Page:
BWW Review: REASONS TO STAY ALIVE, Crucible Studio, Sheffield
Reasons to Be Alive, a Sheffield Theatres and English Touring Theatre adaptation of Matt Haig's popular book, is a 75-minute journey inside one man's head as he experiences, and emerges from, a debilitating period of depression and anxiety.
Haig's book is not one that you might easily expect to translate to the theatre. It is part memoir, part list, part self-help book. This means that the play, like the source material, does not follow a straightforward linear narrative.
Scenes from Matt's life in his twenties, as he experiences his first crippling bout of depression, are interspersed with a variety of lists and monologues - and there are two Matts, one in his twenties, the other older and about to publish the memoir that will become this play. The show pulls off the balance between the different styles well, in no small part thanks to the moveable set that rotates and shifts at each narrative turn.
The show is directed by Jonathan Watkins, with April De Angelis adapting the book text, remaining markedly faithful to Haig's wording whilst cleverly distributing lines between characters rather than assigning them all to Matt.
Simon Daw's set design offers us three pieces of bleak concrete-style wall that look like a shattered cranium, one of which is studded with oversized nails. These pieces rotate to reveal a complex set of scaffolding on the reverse that characters traverse in different ways, adding a dynamism to what could be a very stark image.
The cast are great - tackling not only the complex emotions at work in the piece, but engaging in a lot of physically demanding work. As younger Matt, Mike Noble puts in a strong performance. His facial expressions are able to convey what words often cannot during moments of great distress. Phil Cheadle as older Matt offers a more mature, sage and contented counterpart to the younger version through most of the show - until the roles become reversed later on, and his younger self advises the older.
All six members of the cast are on stage pretty much the whole time, except for a few costume changes. Janet Etuk offers sterling support as Matt's girlfriend Andrea, Chris Donnelly and Connie Walker as his parents and Dilek Rose in several smaller parts. It might be Matt's story, but the whole cast are given plenty to do.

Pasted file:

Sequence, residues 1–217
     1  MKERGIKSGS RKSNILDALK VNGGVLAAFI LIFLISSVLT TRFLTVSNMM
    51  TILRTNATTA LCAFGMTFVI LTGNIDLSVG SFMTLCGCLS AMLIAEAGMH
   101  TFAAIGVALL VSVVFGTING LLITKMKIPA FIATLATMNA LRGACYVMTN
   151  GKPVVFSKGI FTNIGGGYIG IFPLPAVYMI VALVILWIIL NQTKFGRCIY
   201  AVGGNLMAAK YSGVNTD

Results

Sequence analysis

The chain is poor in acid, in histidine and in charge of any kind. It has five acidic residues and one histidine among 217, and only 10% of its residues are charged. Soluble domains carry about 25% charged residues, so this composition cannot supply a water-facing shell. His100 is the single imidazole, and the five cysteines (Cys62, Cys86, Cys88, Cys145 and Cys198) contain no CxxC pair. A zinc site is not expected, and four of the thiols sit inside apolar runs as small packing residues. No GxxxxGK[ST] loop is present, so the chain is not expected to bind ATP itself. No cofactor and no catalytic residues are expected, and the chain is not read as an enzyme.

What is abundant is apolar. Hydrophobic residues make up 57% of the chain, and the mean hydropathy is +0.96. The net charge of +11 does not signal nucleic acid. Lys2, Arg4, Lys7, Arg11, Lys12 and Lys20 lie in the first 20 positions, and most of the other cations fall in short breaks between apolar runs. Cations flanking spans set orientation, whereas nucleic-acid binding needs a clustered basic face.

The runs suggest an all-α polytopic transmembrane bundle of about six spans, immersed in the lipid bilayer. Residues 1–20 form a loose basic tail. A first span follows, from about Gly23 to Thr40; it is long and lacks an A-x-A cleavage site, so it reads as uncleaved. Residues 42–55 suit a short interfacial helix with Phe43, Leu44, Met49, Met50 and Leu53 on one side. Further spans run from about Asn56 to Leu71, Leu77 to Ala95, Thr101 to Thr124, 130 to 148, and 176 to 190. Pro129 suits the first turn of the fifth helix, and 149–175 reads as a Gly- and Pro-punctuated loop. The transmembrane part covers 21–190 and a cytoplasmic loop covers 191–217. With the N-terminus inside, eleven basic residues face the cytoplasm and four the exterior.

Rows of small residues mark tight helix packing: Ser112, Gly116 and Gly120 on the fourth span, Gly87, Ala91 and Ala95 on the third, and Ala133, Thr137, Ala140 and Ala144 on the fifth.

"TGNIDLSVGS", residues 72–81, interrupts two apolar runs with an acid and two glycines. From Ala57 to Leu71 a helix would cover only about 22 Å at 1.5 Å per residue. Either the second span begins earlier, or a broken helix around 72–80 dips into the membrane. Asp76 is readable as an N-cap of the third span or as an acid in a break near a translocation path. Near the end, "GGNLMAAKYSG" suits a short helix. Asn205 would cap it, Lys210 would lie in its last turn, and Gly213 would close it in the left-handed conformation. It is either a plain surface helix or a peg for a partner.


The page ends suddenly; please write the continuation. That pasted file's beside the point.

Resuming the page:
Much like the book on which it is based, there is a lot of humour here that generally stops the play from becoming too melodramatic, although some may still find it overly sentimental in places. The overall message seems to be 'It can happen to anyone and it can get better' - a noble sentiment to be sure, but somewhat naïve in its simplicity.
Reasons to Stay Alive, in both book and play format, presents a very singular experience of life with mental illness that may or may not resonate with members of the audience who have experienced depression or anxiety themselves.
For example, Matt has the support of his family and girlfriend throughout in terms of emotional support as well as financial and practical help. This may be difficult for some viewers to identify with, particularly if their own experiences have been more isolating. (To his credit, Haig acknowledges this issue in the programme.)
Those expecting an exploration of the causes of mental ill health or some of the wider social issues surrounding it (e.g. inequality, poverty, discrimination) will not find much of that here. And even some elements of Matt's own story are minimised - his unsatisfactory experiences with medication are glossed over, for example, with just a note that medication simply works for others but not him. There's also no mention of whether or not he tried any kind of therapy.
These are mostly issues with the source material, of course - but even outside of the script perhaps there could have been some mention of ways people can access help if they are struggling. For example, I was surprised not to see details of support organisations in the programme or the foyer.
However, this IS a personal story at the heart, and it would not be altogether fair to expect Haig to represent situations he has not been in himself - as it says in both the book and script, there are "seven billion versions of normal" and this is simply his. And in this production, his story is told with real gusto and a lot of heart.
Photo by Johan Persson